“… and only as you gasp your dying breath shall you understand, your life amounted to no more than one drop in a limitless ocean!”
“Yet what is any ocean but a multitude of drops?”
“So who’s expired in an ending flat and inane quite beyond belief now?”
David Mitchells’s Cloud Atlas is an amazing reading experience. It isn’t just that Mitchell creates interesting characters and addresses difficult themes, which he does. It isn’t just that he uses language in a deft and elegant way, which he also does. As a reader, the joy in reading Cloud Atlas comes from interacting with its unusual structure and from Mitchell’s virtuosity with various genres.
Cloud Atlas tells six stories. Five of them are broken into sections, each one ending at a dramatic point. (One ended so abruptly that I stopped and flipped pages back and forth, checking page numbers, exactly what Mitchell wanted me to do.) The sixth story, “Sloosha’s Crossin’ and’ Everythin’ After” completes in one section, and then the five others complete but in reverse order, so that “Adam Ewing’s Pacific Journal” begins and ends the book.
The characters in each section are not related by blood or history. They are separated by society, continent and era, yet they are connected, and not only by the strange birthmark each one has. Chronologically, the sections progress forward in time, beginning with Adam Ewing’s seafaring adventure in 1849, progressing to 1931, the 1970s, our present, a corporatic near-future and an undesignated future beyond that. Impulses, conceits and dreams, however, move back and forth through time. Robert Frobisher, the cad, grifter and brilliant musician from 1931, stands over a sleeping foe while holding a gun, every atom in his body desiring to shoot, and experiences a sense that this has happened before. It is not déjà vu, he writes in his letter to his friend Rufus Sixsmith, but the opposite; jamais vu – an experience he knows he has never had before. The reader recognizes it, though, from a sequence we’ve read in “Sloosha’s Crossin’,” where Zachary stands over the body of a sleeping enemy.
When we think of art, particularly literature, we tend to see great works as isolated islands in an ocean of time. In fact, when we sink below the waves and look at those islands from beneath the surface, we see that they are tops of mountains, a range, each work of art connected by the influences around the artist. In Cloud Atlas, with the exception of Adam Ewing, each character interacts with the section that came before. Robert Frobisher finds a copy of “The Pacific Journal” in his room at the brooding Belgian castle he is visiting. To his dismay (as ours) the book ends in mid-sentence, because it’s been torn in half. In a brilliantly developed bit of meta-fiction, Mitchell makes the reader (us) do exactly what Frobisher did when he reached the final page.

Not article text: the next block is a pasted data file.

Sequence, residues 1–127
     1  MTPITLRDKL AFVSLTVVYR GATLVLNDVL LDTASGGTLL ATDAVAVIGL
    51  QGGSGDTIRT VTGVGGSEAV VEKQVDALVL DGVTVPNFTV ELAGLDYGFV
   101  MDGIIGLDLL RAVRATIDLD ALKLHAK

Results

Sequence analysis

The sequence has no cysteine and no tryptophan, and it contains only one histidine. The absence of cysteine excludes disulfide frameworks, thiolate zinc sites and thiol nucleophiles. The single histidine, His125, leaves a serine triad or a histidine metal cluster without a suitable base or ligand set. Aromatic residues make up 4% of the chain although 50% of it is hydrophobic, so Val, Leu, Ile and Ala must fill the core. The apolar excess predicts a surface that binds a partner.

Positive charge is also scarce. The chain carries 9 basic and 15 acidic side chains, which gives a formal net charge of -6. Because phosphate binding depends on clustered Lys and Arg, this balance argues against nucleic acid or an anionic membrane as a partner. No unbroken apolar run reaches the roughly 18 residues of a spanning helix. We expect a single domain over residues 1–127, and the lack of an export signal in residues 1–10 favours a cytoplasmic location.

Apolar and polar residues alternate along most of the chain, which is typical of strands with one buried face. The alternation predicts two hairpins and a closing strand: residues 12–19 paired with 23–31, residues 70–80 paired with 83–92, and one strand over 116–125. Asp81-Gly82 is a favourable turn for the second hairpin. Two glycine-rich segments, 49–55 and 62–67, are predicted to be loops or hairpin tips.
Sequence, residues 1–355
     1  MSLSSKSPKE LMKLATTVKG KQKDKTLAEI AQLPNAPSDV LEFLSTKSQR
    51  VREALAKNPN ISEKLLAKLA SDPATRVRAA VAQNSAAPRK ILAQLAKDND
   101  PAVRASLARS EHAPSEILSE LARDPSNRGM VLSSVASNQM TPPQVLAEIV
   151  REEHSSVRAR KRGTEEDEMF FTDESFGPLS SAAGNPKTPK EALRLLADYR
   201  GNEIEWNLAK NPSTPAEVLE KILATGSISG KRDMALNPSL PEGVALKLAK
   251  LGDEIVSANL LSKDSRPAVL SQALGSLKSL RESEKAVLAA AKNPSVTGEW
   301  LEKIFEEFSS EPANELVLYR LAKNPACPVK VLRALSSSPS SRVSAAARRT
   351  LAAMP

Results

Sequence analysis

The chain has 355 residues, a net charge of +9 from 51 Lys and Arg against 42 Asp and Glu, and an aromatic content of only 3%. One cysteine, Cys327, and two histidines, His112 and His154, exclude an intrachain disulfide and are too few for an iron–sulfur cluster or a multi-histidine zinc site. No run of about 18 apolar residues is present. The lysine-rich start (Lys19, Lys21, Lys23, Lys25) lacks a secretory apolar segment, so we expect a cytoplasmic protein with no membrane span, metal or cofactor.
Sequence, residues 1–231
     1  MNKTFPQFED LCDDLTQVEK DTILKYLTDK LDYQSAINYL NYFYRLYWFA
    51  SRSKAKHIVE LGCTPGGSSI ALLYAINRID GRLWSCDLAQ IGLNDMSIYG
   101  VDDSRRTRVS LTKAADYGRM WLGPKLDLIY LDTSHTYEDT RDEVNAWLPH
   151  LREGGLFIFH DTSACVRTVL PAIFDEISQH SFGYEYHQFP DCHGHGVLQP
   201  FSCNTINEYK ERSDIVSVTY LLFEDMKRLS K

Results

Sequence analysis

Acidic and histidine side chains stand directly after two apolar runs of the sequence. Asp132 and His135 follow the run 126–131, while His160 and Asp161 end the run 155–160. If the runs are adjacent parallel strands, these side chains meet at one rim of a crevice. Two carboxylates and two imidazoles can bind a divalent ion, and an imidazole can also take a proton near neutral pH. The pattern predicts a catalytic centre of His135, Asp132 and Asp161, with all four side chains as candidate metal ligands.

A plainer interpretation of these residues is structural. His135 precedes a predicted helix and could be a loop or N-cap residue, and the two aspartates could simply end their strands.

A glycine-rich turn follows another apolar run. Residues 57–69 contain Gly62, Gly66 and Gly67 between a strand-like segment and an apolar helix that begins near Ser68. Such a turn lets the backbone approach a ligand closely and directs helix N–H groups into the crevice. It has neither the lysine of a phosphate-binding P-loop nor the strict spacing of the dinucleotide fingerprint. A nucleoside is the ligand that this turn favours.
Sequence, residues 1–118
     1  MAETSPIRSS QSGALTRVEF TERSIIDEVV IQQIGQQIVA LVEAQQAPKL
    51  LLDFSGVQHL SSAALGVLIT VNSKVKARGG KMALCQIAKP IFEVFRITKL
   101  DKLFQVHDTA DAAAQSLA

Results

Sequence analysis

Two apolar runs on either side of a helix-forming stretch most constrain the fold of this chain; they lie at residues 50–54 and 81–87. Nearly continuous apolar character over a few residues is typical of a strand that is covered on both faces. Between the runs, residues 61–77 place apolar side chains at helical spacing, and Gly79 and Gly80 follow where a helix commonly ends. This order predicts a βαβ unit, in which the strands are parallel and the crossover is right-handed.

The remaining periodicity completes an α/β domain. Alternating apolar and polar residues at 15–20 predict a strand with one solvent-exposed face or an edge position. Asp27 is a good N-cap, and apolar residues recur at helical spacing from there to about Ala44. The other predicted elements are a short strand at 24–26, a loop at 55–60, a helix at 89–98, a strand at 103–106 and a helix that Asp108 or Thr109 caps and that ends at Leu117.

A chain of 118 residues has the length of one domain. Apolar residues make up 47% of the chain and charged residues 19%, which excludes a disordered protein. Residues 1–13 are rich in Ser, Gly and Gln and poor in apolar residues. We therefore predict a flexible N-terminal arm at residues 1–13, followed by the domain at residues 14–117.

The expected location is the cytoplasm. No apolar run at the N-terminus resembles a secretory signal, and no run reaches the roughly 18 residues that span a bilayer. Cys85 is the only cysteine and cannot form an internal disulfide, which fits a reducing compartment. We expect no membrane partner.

Luisa Rey, the heroine of “Half-Lives; the First Luisa Rey Mystery”, finds the letters Frobisher wrote to his Cambridge room-mate, best friend and love of his life, Rufus Sixsmith. She orders a recording of Frobisher’s one work, the Cloud Atlas Sextet, and when she hears it, she is sure she has heard it before… somewhere. In “The Ghastly Ordeal of Timothy Cavendish,” Cavendish, a vanity publisher who is on the run from a gangster (it is a dark and hugely funny story with the funniest line in the book) reads a few pages from “Half-Lives,” an unpublished novel that has been sent to him.
In a dystopian future combining the mind-control culture of North Korea with the relentless corporatism of the capitalist west, a clone named Sonmi 451 sees a bit of a “disney” (movie) called The Ghastly Ordeal of Timothy Cavendish. Her curiosity about the outcome sustains her through imprisonment and the looming certainty of execution.
In Hawaii in some much farther future, Zachary and his clan worship a goddess named Sonmi, and when Merowyn, a visitor from Prescient (technologically advanced humans who come to the island once a year to trade) stays in his house, she brings a strange device that projects a picture of a woman speaking. It’s a language he can’t understand, but he finds out later that it is Sonmi.
Adam Ewing, a good and naïve young man sent to the south Pacific islands on a bit of business for his father-in-law, is befriended by a very strange English doctor. When their ship the Prophetess starts its return trip to Honolulu, Adam helps a runaway slave who has stowed away. Adam’s privileged, moneyed sensibilities lead him to decisions that are always well-meant and often catastrophic, for others but also for him. Ultimately, the two characters who grow the most in the book are Sonmi 451, who evolves from a slave to a leader, and Adam, who comes out of the cocoon of his sheltered existence to finally take a stand for something.
Much of the book is about cruelty, slavery, courage and freedom. Much is about literature, art, and the influences they have on people. The book is packed with literary references, some of which are obvious just from this review: Thorton Wilder, Herman Melville, Ray Bradbury. Mitchell also pays brilliant homage to the “pulp” fields; Timothy Cavendish’s “Ordeal” is a picaresque novel; Luisa Rey is a mystery thriller; “An Orison of Sonmi 451” pure science fiction. “Letters from Zedelghen” is a perfect pastiche of an epistolary novel, while Adam Ewing pens a conventional travel journal.
Does any individual matter? Can one person make a difference? E.M. Forester’s classic Howard’s End pleaded with the reader, ‘Only connect.” Cloud Atlas says, “This is how we connect.”